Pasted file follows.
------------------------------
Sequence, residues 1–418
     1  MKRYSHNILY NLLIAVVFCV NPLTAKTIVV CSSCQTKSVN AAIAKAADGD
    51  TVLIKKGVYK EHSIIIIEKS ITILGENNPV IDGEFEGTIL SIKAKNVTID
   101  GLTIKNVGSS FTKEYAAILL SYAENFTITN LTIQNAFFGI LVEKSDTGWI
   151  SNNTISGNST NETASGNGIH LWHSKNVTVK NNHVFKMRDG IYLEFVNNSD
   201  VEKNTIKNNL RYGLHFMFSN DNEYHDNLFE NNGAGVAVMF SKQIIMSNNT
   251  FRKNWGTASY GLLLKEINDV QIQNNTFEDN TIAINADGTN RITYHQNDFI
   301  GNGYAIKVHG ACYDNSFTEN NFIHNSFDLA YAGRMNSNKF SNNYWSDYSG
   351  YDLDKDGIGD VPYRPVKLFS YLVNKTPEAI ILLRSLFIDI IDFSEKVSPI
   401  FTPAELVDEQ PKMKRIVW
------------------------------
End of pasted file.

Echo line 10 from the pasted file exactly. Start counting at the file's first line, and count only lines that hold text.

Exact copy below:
   401  FTPAELVDEQ PKMKRIVW